Saturday, June 14, 2008

Pizza, Pavlova, and Purling

Yes, we're going back to the kitchen. Gas is depressing, sleeves are progressing, and unless you want to look over my shoulder and see what I'm working on at my computer (hint: it's this time of year again), the kitchen is our blog fodder.

So first, above you see what I did with the egg whites left over from the brick of bread pudding. It's a Pavlova. Did you know this recipe is from Australia (or possibly New Zealand)? It's like lemon meringue pie, except without the lemon, the pie crust, or the consistency. It's kind of hard and crackly on the top and gooey on the inside, and we served it with fresh raspberries and unsweetened whipped cream. The tart berries and bland whipped cream are a nice backdrop for the sweet meringue. Everyone loved it, and it was pretty to look at.

On Thursday I got a wild hair to make my own pizza after seeing this recipe. I'm not sure the dough was particularly successful...I think the yeast might've been older than Mary. You can see for yourself that my pizza doesn't look anything like the one at Smitten Kitchen, but again, the Windansea 5 thought it was delicious and I'm inspired and determined to try again.

Here's something interesting: I went over to look at the "dealbreaker" recipe poll over here. Yeast is one of the things that usually makes me stay away from a recipe. Also dissolving gelatin, deep frying, recipes that call for making yet another recipe within them, and anything that says "hard ball stage". But you know, I do have a mixer with a dough hook, and then I read about how bread shouldn't intimidate you because people have been making bread without any equipment other than their hands and a fire for millennia.

And see, I have these fantasies sometimes about time travel (Yes, that's an innermost thought there, and now you all think I'm crazy, but if you know me in person, I'm pretty sure you'll still tolerate me, and if you don't know me in person, well, then I guess I just became another nut on teh internets.) I imagine that I'm somehow transported back several centuries - how would I survive? What do I know how to do that isn't dependent on technology? Will knitting be enough to ensure my survival, given that I don't know how to spin? Or will I be burned as a witch the minute I say, "Let's google it!"?

Anyway, getting back to dealbreakers...I was thinking about techniques in knitting that will make me walk away from a pattern. Like, say, giant expanses of stockinette on tiny needles. So far, steeking. Cables with vast fields of purling in between. In some cases, if I really love the pattern, I'll bite the bullet. But in most cases, it just isn't worth the effort to me; there are plenty of great patterns and designs that are fun to knit and don't involve swaths of timesucking stitchery. What is it for you? Hemming? I-cord borders? K3tog?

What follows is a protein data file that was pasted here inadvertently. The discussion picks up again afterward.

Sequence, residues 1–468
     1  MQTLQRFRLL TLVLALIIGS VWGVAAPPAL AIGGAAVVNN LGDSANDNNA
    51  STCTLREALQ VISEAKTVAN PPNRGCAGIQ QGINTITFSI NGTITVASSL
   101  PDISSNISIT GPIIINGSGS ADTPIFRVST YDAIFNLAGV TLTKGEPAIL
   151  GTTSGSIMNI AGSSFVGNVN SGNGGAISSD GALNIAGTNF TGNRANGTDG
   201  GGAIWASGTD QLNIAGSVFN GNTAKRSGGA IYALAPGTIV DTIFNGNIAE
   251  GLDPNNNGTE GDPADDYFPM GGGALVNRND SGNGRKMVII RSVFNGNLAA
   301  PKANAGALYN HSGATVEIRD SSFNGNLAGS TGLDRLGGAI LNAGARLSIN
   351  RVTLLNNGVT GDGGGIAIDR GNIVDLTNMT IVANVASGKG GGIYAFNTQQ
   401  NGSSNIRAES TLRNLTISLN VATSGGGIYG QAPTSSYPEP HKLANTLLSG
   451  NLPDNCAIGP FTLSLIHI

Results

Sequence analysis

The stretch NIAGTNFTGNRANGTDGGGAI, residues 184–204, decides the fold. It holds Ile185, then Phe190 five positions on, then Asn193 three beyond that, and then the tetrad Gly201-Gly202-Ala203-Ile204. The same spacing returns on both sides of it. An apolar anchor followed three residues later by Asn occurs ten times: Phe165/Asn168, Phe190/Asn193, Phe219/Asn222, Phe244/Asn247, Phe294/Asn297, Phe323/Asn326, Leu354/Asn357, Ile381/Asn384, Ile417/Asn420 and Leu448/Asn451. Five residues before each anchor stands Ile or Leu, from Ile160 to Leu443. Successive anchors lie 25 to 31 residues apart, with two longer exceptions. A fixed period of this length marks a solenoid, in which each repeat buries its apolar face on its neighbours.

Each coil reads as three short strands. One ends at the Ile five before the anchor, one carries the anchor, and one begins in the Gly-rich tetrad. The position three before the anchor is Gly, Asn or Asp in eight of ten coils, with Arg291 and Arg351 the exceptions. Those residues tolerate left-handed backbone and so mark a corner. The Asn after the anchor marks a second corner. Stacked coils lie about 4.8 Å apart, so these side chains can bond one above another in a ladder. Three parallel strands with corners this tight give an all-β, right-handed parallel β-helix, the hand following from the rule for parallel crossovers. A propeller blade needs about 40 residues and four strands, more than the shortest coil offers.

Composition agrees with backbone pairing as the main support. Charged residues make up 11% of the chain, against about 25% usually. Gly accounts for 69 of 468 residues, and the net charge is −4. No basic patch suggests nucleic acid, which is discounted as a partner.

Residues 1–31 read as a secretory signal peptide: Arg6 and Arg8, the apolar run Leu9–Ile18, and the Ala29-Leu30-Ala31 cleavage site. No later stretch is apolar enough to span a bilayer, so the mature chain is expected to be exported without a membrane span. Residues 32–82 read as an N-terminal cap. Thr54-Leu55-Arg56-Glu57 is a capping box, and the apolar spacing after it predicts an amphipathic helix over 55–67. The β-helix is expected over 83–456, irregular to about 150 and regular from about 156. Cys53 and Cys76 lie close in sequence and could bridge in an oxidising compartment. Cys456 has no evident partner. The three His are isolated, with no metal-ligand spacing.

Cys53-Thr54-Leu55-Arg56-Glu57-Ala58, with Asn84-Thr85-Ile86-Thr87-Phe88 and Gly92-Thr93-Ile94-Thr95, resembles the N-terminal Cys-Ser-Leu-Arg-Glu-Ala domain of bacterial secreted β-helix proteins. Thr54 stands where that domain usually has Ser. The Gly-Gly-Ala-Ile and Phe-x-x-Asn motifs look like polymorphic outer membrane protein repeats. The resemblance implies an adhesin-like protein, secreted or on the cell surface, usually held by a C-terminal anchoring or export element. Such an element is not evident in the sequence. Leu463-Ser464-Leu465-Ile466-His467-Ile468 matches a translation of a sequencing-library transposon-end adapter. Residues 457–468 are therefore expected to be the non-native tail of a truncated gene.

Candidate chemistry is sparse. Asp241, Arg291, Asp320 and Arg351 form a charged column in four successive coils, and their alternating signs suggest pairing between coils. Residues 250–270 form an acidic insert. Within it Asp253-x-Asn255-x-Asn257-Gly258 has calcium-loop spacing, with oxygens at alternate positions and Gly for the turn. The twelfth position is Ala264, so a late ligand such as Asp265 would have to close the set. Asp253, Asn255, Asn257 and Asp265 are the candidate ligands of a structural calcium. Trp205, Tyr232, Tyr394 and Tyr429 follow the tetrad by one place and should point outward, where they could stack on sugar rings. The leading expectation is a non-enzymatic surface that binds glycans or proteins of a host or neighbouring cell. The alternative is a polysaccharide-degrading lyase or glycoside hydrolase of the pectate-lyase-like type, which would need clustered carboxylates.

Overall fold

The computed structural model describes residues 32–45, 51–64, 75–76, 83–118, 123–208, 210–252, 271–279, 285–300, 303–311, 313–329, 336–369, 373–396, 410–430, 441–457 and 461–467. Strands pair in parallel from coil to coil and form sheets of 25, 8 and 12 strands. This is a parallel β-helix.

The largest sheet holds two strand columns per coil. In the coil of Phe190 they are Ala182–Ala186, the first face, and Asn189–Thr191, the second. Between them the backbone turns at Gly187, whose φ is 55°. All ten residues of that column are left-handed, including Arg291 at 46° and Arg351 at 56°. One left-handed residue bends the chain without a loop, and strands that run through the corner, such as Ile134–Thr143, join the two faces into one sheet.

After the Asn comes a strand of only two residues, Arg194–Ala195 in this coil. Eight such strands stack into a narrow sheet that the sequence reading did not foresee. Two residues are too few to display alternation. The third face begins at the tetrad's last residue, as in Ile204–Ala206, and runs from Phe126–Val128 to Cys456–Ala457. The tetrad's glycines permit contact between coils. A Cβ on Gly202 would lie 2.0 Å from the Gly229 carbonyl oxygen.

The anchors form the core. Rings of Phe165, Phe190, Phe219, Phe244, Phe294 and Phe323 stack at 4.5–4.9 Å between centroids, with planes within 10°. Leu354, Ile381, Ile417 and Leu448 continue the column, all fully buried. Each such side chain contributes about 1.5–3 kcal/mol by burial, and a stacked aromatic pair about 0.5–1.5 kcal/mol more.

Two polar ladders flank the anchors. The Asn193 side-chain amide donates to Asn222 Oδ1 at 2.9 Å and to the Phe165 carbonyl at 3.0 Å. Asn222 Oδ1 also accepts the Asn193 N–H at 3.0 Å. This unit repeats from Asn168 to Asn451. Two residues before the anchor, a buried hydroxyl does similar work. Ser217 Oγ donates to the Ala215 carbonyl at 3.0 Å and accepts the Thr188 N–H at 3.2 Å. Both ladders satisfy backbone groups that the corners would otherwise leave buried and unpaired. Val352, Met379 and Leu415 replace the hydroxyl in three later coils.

Renna said...

Anyone who saw the simple things I knit on a regular basis (lots and lots of baby hats, mostly, and other small stuff) would think I'm simply an inexperienced knitter yet. And they'd be right to a point; but my projects remain simple for the most part because I'm a lazy knitter. If the pattern is going to turn my brain to mush trying to figure it out, or if, like you mentioned, I'm going to spend hours and hours knitting tiny little stockinette stitches, I'd as soon have a tooth pulled, and I hate going to the dentist!

I have my mom's cast-off bread machine, which I've discovered to be the simplest means of making pizza for me. I toss in the necessary ingredients and punch in the dough setting. When it beeps, I plop the ball of dough onto the counter, quickly moosh it out into a lopsided circle with my hands (I'm spherically challenged), top it with my prepared ingredients, bake, and eat! :-)

Anonymous said...

This may or may not reassure you, but my husband and I occasionally speculate how we'd do if transported back in time. He's an electrician, which (depending on the century) would likely get him burned, but he could probably translate his skills fairly well and become a metalworker/inventor (which I guess most of us could do, given that we have seen the future, although I admit that's totally cheating!) I, on the other hand, would probably have a harder time; I do know how to spin (on a drop spindle), but I'm sure I don't knit fast enough to be useful as a source of clothing. I'd definitely have to kick it up a few notches.

And I'd probably have to figure out i-cord. I know the "i" stands for "idiot", but I totally can't figure it out!! And APPLIED i-cord?? Give me P3togTBL instead any day!

Anonymous said...

P3togTBL--I will skip the whole pattern if it has to be done more than a couple of times!
Oh, yes--hemming! I used to sew a lot, and always took it my Mom for the hems. She does such beautiful tiny stitches, and I make mine an inch long if I can get away with it. Or two inches.
I'm old enough to have been a "hippie" in my youth, so bread and cooking from scratch is not beyond me. Guess I need to learn to spin after all! I would need some way to earn what it takes to buy food. I can turn out simple sweaters and blankets with my knitting needles with decent speed.

My problem would be that I hate being hot and can't sleep when I'm cold. I would have to have my heat pump!!!

TAMI said...

I was knitting up a sock while my daughter was at fencing lessons yesterday - and that's when I met your daughter! We started with knitting and then moved to blogging! Happy to peek in on someone local - you know, who's shares the same gas prices, water delivery companies and yarn stores!!